Joy, peace, delight, pleasure, ecstasy, happiness – if these don’t produce equal or greater pain or suffering in the future, they are fine.
But they have no necessary connection to truth or reality. Delusion is more pleasure-friendly, or joy-friendly, or happiness-friendly than apprehension of truth or reality.
So, the evocation of joy, peace, etc., as a consequence of belief, especially blind belief, is perfectly consistent with the fact that the belief is question is utterly delusive.
Why is the truth-value (truth or falsity) of a belief more important than its pleasure-value or comfort-value (its effects of comfort or pleasure)?
michael reidy said:
Thill et al:
The argument that you are proferring is a reductio or purports to be a reductio i.e. to show that a certain position leads to a contradiction and that therefore the position must be false. The privative account of evil is one that is espoused by Augustine and Aquinas but it obviously will have little traction with those who reject the metaphysical system within which it is intelligible.
A good account of it is to be found in The Christian Philosophy of St.Thomas Aquinas pp.154-8 by Etienne Gilson. I am not in the least sanguine that it will be found persuasive by most but I offer it to complete the picture.
The first position is that there is a hierarchy of being which proceeds from the fulness of being in God to that of creatures and on down into matter. The infinite perfection of God can only be reflected in the lesser perfection of creatures. “It is characteristic of creatures to be deficient in mode and degree of being……Creation is not only an exodus, it is also a descent.”
The perfection of each entity is challenged by its corruptible nature. The perfection of the being of teeth for instance is healthy teeth but of course they fall short of that perfection and in that sense are deficient in being. This deficiency in being or privation of being is a natural evil.
In short the answer to this is that evil is a negative reality and more a lack of being than an existent reality. “Evil is not a being; all good however is being.” So far it seems that there still is the connection between creator and creation that is the foundation of theodicy. In a sense the cause of evil is the good because evil only comes about through a good that is missing perfection.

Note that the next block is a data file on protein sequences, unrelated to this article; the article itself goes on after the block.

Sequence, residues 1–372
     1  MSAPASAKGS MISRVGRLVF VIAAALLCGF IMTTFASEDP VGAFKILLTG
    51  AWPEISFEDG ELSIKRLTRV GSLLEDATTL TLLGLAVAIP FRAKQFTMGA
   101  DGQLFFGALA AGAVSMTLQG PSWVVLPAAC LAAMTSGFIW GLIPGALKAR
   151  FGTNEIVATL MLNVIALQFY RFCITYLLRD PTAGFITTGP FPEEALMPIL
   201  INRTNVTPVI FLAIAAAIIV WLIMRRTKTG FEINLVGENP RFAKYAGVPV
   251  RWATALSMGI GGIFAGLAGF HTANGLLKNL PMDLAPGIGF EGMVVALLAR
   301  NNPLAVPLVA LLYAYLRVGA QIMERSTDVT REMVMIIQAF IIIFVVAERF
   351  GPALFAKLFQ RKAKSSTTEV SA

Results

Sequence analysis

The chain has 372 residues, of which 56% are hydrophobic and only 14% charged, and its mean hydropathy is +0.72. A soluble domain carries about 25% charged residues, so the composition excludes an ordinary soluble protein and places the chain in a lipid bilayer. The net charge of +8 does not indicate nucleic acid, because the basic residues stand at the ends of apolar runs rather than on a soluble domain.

How then is it possible to get over the fact the ultimate source of good, God, is not the source of evil? It is through a defect in the action of a being that evil results. This defect remains within the sphere of the being itself. Viewed as a whole however a totally static universe would not be perfect in that it was not in act or expressing its being. That action which implies a lack of perfection is as it should be. Freedom remains within things and thereby natural and moral evil. Being as such is good and truly exists. Evil is a lack.
extract from Augustine’s Enchiridion on evil as privative:
Michael & Co.,
“The first position is that there is a hierarchy of being which proceeds from the fulness of being in God to that of creatures and on down into matter.”
This is a misleading picture of a ladder of being. It is misleading because God is omnipresent. So, as Ramana Maharishi once quipped by way of annihilating all talk of “descent” of this or that:
Who is to descend to where and from where?
“The infinite perfection of God can only be reflected in the lesser perfection of creatures.”
No doubt the lesser perfection of the ignorance of creatures and their subjection to suffering is also a reflection of the “infinite perfection of God”!
“The perfection of each entity is challenged by its corruptible nature.”